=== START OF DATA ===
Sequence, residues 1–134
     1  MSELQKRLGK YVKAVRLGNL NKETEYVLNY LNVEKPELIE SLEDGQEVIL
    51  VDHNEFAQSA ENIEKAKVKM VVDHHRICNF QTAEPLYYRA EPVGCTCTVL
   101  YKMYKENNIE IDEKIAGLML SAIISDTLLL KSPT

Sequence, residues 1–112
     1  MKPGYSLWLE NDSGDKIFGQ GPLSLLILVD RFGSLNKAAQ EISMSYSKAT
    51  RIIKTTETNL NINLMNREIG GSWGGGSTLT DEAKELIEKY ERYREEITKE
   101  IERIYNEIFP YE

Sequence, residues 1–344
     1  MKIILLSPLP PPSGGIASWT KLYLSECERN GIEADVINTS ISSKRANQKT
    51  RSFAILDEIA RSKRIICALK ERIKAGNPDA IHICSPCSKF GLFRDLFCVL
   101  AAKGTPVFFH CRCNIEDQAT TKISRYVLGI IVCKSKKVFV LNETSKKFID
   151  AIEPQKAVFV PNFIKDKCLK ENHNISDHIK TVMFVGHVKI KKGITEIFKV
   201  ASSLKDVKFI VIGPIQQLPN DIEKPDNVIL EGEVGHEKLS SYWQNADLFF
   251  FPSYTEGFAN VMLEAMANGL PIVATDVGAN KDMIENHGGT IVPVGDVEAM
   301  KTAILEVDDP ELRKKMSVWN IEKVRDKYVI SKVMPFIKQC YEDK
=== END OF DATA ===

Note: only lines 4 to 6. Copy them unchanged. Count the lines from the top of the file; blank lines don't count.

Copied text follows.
   101  YKMYKENNIE IDEKIAGLML SAIISDTLLL KSPT

Sequence, residues 1–112
     1  MKPGYSLWLE NDSGDKIFGQ GPLSLLILVD RFGSLNKAAQ EISMSYSKAT